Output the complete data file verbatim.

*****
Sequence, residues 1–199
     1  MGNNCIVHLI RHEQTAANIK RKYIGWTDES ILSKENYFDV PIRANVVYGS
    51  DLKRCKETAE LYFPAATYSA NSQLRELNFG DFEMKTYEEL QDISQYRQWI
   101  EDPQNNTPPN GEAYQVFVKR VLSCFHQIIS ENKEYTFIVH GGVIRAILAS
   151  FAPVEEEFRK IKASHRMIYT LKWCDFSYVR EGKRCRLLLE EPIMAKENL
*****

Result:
Sequence, residues 1–199
     1  MGNNCIVHLI RHEQTAANIK RKYIGWTDES ILSKENYFDV PIRANVVYGS
    51  DLKRCKETAE LYFPAATYSA NSQLRELNFG DFEMKTYEEL QDISQYRQWI
   101  EDPQNNTPPN GEAYQVFVKR VLSCFHQIIS ENKEYTFIVH GGVIRAILAS
   151  FAPVEEEFRK IKASHRMIYT LKWCDFSYVR EGKRCRLLLE EPIMAKENL